In other words, Seydoux’s character is like, among others, Agent Triple-X (agent who was “Bond’s equal in every way” as director Lewis Gilbert described her in The Spy Who Loved Me), Holly Goodhead (CIA agent *and* a trained shuttle rocket pilot in Moonraker), Melina (revenge driven woman who’s deadly with a crossbow in For Your Eyes Only), Pam Bouvier (CIA agent and pilot in Licence to Kill), Wai Lin (Chinese agent in Tomorrow Never Dies), Jinx (NSA agent in Tomorrow Never Dies) and Camille (another secret agent in Quantum of Solace).

Thus, the notion that a woman character is Bond’s equal isn’t unique or even unusual in the 21st century. It might be time to retire that talking point.

“It depends on what your definition of ‘is’ is”: Eon co-boss Barbara Broccoli told Empire that only “a very old version” of SPECTRE’s script leaked out because of the Sony hacks.

That depends on what you mean by “very old.” To the lay person, a very old script might be the first draft that John Logan turned in around March of 2014. Or it might be a draft before veteran 007 scribes Neal Purvis and Robert Wade were summoned in the summer of 2014 to rewrite Logan’s work.

The Gawker website IN A DEC. 12 POST (warning: spoilers), described a draft that existed after Logan’s story had been revised as well as memos from studio executives suggesting changes and that rewriting was happening in November, while filming began on Dec. 8.

On the other hand, if you define “very old” as something other than the version the crew has right now (dialogue if often tweaked during shooting), that would be accurate.

The Eon co-chief IN APRIL 2012 denied Ben Whishaw had been cast as Q in Skyfall and IN NOVEMBER 2012 that Logan had been hired to write two Bond movies. Both turned out to be true, though Logan’s scripting effort was judged to need rewriting.

The publicity machine is gradually revealing details: Broccoli acknowledged the title of SPECTRE refers to the organization featured in early Bond movies, but this is a new take. Normally, that’d rate a “duh,” but nobody wanted to say that much when the title was revealed in December.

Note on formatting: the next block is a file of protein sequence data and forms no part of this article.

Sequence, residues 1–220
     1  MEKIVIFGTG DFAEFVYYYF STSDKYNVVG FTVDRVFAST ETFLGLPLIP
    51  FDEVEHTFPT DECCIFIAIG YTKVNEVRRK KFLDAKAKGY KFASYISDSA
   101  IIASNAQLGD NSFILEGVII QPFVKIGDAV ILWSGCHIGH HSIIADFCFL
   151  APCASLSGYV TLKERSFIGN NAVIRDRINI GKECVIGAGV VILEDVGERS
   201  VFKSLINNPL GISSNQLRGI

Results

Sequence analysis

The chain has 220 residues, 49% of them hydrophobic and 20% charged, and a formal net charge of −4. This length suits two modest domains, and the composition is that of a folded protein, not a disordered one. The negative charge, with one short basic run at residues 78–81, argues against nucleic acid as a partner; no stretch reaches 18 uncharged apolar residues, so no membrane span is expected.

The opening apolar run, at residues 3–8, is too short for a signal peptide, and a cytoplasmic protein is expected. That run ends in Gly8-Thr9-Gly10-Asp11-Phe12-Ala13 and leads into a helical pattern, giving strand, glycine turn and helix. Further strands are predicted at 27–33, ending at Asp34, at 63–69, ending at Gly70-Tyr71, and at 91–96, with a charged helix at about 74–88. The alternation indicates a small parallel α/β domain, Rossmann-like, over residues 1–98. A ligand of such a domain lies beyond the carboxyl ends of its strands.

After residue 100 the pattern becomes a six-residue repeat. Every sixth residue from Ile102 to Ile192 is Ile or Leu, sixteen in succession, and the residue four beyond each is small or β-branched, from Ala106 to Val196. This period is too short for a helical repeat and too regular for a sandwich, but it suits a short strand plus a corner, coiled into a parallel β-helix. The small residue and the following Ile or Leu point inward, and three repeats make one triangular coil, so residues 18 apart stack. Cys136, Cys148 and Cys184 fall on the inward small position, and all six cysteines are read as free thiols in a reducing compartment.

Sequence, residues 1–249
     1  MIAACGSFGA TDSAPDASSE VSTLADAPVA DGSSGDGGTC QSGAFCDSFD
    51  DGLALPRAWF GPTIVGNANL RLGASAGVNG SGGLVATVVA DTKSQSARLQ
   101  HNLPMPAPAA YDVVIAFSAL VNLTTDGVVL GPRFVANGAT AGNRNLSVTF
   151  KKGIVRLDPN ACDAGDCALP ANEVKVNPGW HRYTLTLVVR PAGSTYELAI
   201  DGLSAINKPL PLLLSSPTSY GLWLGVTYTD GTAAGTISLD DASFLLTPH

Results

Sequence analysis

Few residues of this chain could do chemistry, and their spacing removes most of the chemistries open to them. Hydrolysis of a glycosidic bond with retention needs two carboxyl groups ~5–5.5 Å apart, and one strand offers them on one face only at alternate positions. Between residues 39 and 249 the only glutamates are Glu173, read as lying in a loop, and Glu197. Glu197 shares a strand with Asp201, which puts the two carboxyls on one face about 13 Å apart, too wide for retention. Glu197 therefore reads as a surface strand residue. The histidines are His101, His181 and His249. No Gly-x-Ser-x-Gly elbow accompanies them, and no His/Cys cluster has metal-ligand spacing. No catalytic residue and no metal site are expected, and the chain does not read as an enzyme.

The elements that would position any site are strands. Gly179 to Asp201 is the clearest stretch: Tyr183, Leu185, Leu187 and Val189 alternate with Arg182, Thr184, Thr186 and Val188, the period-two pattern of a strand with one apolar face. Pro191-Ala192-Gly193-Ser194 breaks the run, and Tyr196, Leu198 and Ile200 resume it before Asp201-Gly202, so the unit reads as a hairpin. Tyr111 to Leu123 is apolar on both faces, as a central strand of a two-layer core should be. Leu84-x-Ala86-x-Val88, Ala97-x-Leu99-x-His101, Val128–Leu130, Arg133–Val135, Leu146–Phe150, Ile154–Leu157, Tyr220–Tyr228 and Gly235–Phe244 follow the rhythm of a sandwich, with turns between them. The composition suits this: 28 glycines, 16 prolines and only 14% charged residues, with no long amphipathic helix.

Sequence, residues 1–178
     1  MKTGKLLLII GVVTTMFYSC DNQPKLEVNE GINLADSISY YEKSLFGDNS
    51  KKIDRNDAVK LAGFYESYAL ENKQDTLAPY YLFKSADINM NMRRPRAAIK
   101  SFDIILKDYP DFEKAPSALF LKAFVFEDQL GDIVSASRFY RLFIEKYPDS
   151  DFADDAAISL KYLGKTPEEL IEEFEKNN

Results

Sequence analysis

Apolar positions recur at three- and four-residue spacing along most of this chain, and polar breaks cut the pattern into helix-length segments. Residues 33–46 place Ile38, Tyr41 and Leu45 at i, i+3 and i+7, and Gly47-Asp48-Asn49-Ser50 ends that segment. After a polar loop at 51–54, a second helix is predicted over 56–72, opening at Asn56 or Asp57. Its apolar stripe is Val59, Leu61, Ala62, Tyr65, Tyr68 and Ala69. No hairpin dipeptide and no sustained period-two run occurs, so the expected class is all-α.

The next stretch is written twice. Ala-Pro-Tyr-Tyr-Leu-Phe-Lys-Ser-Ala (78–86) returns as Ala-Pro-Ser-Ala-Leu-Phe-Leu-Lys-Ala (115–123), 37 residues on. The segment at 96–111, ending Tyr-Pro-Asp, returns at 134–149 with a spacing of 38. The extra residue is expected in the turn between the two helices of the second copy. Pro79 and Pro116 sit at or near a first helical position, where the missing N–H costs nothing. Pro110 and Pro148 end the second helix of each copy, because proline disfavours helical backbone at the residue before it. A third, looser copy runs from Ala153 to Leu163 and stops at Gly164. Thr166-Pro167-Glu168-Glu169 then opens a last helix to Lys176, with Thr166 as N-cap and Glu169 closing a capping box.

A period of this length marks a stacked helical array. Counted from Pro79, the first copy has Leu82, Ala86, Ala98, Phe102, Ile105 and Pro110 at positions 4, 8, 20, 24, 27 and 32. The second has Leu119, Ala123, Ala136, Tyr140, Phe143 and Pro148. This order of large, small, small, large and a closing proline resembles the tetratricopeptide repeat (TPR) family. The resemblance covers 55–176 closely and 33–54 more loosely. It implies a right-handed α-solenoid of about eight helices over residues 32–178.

Director Sam Mendes, in a video released by the official 007 website gave a bit of information about the movie. He even said that SPECTRE has more information about Bond’s childhood. Meanwhile, Whishaw’s Q was seen out in the field. Just like Desmond Llewelyn’s Q in Licence to Kill? That remains to be seen.

UPDATE (Feb. 28): Adding a question to the mix.

What was the story when Sam Mendes signed on to direct SPECTRE? Sam Mendes, in a video released by 007.com this week, says the reason he opted to direct a second 007 film, or any film, has “all to do about the story.”

But what story? Mendes’s signing as SPECTRE director was announced in JULY 2013. At that point, there even wasn’t a first draft script. John Logan didn’t deliver one until early 2014.

There had to be some kind of treatment, or detailed outline. The announcement also said the movie (then just called Bond 24) had a release date. We know through the reporting of Baz Bamigboye of the Daily Mail and the Sony hacking that Logan’s story was found insufficient and that Neal Purvis and Robert Wade were summoned back in the summer of 2014 to revamp the script and it greatly changed.

Mendes spoke in a promotional video intended to sell the movie. But it would be interesting the next time an entertainment journalist gets an interview to pursue questions like these: What was appealing about that initial story? Are those elements still there? Was the scripting process tougher for SPECTRE compared with Skyfall?